Straight up to the main entrance he walked, laid his hand upon the knob of the heavy iron door, pushed it open without command, entered and found himself in the presence of a half-dozen armed men.
He pressed a metal knob, and at once the speed of the screw diminished.
He laid his hand upon the knob. A moment later he was moving noiselessly across the campong toward the house in which Professor Maxon lay peacefully sleeping; while at the south gate Bududreen and his six cutthroats crept cautiously within and slunk in the dense shadows of the palisade toward the workshop where lay the heavy chest of their desire.
This she did because she had seen something under it–a round knob which had been covered by the leaves hanging over it.
But Umslopogaas held up the great Groan- Maker, the iron chieftainess, and examined its curved points of blue steel, the gouge that stands behind it, and the beauty of its haft, bound about with wire of brass, and ending in a knob like the knob of a stick, as a lover looks upon the beauty of his bride.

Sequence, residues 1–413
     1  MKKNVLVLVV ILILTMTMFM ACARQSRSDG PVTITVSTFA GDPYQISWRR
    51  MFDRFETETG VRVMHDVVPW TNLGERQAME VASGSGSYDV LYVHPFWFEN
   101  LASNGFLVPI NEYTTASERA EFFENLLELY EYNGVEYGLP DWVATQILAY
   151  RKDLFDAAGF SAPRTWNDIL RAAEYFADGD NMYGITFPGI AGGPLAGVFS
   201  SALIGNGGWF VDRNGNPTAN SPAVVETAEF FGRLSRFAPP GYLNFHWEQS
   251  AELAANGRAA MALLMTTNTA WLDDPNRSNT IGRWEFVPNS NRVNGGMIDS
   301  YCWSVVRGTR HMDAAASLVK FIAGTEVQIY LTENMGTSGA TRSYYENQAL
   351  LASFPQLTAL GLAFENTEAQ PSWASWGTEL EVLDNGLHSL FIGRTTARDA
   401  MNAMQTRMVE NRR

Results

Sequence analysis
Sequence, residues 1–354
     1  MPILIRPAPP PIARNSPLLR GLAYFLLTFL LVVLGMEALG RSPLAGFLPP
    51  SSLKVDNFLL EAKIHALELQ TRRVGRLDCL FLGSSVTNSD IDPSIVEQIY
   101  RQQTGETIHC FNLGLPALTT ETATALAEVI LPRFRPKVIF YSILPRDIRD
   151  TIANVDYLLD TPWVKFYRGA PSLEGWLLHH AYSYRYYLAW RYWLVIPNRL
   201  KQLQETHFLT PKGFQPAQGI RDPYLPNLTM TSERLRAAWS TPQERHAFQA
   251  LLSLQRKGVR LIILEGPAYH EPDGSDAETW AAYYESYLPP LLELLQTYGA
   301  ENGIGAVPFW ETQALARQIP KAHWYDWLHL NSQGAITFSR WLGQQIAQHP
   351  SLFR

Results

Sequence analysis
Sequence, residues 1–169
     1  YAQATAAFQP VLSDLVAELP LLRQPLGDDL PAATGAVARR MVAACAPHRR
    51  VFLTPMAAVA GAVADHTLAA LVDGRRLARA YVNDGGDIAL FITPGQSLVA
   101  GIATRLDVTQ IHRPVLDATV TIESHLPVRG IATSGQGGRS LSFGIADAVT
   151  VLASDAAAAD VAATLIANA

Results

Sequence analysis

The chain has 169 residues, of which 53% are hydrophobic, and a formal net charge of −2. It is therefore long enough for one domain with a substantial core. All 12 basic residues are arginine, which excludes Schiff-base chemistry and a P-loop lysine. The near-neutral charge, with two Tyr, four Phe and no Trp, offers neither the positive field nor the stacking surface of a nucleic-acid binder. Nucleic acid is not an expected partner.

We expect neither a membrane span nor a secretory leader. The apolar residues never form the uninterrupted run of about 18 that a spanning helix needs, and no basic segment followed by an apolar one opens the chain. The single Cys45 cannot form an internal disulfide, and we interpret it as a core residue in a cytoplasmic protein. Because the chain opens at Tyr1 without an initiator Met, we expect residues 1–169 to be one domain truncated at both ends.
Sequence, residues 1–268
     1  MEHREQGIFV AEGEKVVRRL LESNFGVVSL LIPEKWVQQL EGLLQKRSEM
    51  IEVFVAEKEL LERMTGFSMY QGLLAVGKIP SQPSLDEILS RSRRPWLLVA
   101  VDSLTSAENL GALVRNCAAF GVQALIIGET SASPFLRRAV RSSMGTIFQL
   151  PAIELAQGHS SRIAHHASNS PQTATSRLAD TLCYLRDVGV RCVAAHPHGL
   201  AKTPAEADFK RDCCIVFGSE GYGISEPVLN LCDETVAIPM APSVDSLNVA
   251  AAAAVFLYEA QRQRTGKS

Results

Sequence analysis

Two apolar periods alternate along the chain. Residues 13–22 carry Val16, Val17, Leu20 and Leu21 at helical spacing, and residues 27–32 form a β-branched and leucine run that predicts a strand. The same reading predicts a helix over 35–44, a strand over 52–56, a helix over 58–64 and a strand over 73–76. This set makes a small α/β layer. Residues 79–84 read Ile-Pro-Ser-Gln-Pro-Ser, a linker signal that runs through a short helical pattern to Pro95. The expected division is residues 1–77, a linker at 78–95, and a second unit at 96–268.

“No, sir, not in such a hurry,” and Phebe laughed as she gave a particularly large knob a good poke.
“Turn the knob!” I cried, seeing that she did not know how to open a door, but neither did she know what I meant by knob.
Pontellier, with his hand on the knob; “I may have to be absent a good while.
The emphasis was helped by the speaker’s hair, which bristled on the skirts of his bald head, a plantation of firs to keep the wind from its shining surface, all covered with knobs, like the crust of a plum pie, as if the head had scarcely warehouse-room for the hard facts stored inside.
Then is there a singular kind of parallel between her and the little glass chandeliers of another age embellishing that assembly-room, which, with their meagre stems, their spare little drops, their disappointing knobs where no drops are, their bare little stalks from which knobs and drops have both departed, and their little feeble prismatic twinkling, all seem Volumnias.
Mountain Glens.- Wandering Band of Savages- Anecdotes of Shoshon- ies and Flatheads.- Root Diggers- Their Solitary Lurking Habits.- Gnomes of the Mountains.- Wind River.- Scarcity of Food.-Alteration of Route.-The Pilot Knobs or Tetons.- Branch of the Colorado.
Halting for an instant at the foot of the ladder, and with both hands grasping the ornamental knobs of the man-ropes, Father Mapple cast a look upwards, and then with a truly sailorlike but still reverential dexterity, hand over hand, mounted the steps as if ascending the main-top of his vessel.